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Ways to monitor motor RPM

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I am an energy auditor in the US and use emonPi on a nearly weekly basis for monitoring client’s homes. I’ve also installed several systems for clients who have rentals with one meter and need to bill renters separately. In spite of the steep learning curve and occasional glitches, I absolutely love these systems.

Specifically, I’m looking for a way to strap a hall effect sensor to a motor and be able to record RPM at a specific interval (say every 5 seconds) to EmonCMS on the EmonPi. I can do this via hardwired cabling, or preferably, wirelessly.

Having this data is essential for me to know how often a motor turns on and what speed it spins, particularly useful when I need to monitor pumps that have variable speeds and/or when I am unable to place a CT around the hot leg of the circuit. Also, having the RPM data recorded can then let me overlay that with temperature data and assess efficiency. At its most simple use, I can know when a motor turned on/off. kWh can then be calculated via nameplate data.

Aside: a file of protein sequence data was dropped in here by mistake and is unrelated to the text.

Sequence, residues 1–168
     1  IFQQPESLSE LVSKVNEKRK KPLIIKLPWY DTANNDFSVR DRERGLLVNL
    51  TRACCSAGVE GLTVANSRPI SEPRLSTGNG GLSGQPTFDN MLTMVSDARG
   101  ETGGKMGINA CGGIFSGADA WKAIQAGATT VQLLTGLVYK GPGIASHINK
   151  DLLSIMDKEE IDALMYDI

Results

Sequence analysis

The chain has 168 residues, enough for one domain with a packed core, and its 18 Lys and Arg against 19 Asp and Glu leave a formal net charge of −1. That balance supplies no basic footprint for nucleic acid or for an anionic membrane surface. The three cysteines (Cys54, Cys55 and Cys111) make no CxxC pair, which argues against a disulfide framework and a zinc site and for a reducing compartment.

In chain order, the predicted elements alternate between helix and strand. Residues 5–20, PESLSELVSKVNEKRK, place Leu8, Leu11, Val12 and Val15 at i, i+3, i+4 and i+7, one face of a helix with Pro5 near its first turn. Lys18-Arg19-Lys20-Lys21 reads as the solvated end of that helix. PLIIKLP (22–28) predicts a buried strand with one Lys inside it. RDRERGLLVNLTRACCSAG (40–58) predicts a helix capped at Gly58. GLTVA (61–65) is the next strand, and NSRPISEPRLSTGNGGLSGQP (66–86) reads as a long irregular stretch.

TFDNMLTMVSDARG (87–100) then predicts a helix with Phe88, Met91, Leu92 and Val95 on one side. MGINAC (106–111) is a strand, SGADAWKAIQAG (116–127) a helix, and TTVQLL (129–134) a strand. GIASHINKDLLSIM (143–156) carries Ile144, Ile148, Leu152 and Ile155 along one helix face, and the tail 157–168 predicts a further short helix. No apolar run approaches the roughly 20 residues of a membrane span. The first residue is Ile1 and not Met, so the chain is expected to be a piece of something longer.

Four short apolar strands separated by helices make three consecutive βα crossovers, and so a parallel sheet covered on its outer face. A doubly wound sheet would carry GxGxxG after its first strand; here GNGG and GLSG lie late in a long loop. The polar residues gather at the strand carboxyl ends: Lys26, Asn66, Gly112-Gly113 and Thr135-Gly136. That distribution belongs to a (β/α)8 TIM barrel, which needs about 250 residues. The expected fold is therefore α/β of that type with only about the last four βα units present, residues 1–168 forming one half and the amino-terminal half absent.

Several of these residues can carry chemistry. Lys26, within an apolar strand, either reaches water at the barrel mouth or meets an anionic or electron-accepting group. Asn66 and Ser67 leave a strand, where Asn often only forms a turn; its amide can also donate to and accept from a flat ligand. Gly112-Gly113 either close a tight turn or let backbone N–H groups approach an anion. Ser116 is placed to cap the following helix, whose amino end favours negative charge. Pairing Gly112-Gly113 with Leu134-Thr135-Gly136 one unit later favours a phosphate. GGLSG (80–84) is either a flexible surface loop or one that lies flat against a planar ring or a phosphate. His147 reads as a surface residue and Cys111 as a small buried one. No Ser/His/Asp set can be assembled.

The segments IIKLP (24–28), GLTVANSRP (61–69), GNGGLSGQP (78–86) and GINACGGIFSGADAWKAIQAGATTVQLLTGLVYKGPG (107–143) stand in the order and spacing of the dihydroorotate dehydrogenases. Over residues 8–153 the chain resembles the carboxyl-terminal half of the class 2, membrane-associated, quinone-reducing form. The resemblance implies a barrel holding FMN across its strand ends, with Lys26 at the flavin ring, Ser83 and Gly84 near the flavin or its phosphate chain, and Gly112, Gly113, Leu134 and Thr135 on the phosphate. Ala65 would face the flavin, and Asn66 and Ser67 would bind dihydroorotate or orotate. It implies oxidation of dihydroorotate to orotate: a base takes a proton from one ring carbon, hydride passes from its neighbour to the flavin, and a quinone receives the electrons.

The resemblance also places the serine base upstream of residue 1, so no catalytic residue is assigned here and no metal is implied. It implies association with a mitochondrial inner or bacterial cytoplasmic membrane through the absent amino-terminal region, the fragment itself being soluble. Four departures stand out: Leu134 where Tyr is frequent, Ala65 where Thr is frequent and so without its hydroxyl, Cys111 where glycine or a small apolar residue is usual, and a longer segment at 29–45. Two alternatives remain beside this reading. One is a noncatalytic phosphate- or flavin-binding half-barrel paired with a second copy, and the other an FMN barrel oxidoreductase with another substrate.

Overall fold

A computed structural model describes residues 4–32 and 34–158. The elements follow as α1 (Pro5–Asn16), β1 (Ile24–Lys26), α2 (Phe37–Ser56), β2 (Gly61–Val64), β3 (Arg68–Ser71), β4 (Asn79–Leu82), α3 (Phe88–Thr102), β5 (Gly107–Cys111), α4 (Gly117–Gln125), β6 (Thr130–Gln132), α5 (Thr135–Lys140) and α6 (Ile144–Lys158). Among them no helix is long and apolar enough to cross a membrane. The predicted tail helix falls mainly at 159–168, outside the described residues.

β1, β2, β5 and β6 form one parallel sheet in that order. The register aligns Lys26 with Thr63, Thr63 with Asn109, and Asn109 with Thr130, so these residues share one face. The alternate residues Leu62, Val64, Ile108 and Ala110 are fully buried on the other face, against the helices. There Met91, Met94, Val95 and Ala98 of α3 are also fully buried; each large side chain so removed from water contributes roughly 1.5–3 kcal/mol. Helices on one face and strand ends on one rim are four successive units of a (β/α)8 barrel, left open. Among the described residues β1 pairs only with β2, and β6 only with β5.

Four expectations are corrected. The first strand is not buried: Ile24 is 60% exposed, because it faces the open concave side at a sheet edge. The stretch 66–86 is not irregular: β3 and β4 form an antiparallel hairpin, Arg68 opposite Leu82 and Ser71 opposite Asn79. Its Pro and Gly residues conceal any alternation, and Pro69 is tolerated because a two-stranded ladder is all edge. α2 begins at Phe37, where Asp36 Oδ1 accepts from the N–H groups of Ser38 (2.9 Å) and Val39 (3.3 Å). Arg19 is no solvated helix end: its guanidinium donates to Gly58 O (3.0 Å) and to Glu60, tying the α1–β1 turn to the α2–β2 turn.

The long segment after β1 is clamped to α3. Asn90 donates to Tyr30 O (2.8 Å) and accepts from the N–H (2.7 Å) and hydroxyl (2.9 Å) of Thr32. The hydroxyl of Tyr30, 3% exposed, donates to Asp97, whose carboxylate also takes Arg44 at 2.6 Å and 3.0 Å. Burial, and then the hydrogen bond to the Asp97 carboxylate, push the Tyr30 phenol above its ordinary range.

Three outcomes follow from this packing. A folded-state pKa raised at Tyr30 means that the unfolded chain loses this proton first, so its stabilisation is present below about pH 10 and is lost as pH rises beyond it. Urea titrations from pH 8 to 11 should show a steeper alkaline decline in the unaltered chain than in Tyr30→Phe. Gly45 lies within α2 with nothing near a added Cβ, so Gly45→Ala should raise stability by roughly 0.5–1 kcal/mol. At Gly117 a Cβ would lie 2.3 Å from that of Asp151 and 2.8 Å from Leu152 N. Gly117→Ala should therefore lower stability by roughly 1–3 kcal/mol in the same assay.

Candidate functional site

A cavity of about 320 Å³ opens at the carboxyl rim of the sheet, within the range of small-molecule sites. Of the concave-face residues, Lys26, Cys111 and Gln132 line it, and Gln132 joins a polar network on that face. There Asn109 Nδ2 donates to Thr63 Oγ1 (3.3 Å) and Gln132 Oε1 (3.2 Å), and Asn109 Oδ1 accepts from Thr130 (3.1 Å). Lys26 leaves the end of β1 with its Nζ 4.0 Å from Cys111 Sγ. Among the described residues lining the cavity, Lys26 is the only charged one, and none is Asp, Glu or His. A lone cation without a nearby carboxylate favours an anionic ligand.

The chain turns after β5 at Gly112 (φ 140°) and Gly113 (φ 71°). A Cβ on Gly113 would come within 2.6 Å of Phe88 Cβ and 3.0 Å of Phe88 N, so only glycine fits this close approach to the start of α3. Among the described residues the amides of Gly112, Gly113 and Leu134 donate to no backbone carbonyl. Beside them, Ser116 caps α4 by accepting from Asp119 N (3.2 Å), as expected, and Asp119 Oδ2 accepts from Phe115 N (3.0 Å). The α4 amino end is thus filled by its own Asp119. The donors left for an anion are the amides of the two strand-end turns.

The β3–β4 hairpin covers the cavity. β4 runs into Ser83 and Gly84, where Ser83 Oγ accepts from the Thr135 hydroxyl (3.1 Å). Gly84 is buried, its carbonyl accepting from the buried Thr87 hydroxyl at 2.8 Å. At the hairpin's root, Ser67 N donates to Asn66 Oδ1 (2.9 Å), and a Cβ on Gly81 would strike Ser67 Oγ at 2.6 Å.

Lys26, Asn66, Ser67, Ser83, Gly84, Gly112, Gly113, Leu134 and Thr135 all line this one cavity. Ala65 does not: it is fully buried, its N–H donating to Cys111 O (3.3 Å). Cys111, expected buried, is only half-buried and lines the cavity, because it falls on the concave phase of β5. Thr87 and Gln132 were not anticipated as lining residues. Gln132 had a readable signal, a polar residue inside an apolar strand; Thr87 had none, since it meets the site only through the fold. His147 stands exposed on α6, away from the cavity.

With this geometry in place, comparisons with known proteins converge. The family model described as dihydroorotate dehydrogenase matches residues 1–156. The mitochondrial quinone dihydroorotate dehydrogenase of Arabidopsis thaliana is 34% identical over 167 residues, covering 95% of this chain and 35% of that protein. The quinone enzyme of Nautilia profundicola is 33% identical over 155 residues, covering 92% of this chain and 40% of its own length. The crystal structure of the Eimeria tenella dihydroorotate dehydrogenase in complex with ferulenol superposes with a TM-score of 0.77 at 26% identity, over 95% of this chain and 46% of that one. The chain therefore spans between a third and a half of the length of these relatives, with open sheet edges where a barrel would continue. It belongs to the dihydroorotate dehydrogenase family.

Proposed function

I am not an electronics or programming geek! So I’m looking for detailed information as to how to go about this project. If I get the Hall Effect breakout board kit from the shop.OpenEnergyMonitor.com site (https://shop.openenergymonitor.com/acs7-hall-effect-breakout-board-kit/), how would I interface that hardware with EmonCMS and be able to graph that data from my EmonPi with EmonCMS? Or am I simply looking at the wrong product?

Detailed responses greatly appreciated :slight_smile:

Upon further research, I’m not finding any sort of product that will do what I’m needing; to report RPM of a motor from outside the casing, which I find odd. But I do understand that most motors have multiple windings around rotor core. Therefore it seems that by simply detecting when any of the outer windings magnetizes, that should easily be detected by a hall effect sensor and we can then assume that one rotation has occurred, right?
Most of the monitoring of motors I need to do is with water circulators, like this Taco model, where the motor is a removable/replaceable cartridge. However, the outer windings are the same as most motors, so I should be able to put a hall effect sensor anywhere around the casing and get signal: https://www.tacocomfort.com/product/00-series-cartridge-circulators/
Am I way off base here in thinking that a sensor can simply be placed anywhere around the casing and simply sense any time the magnetic field is activated?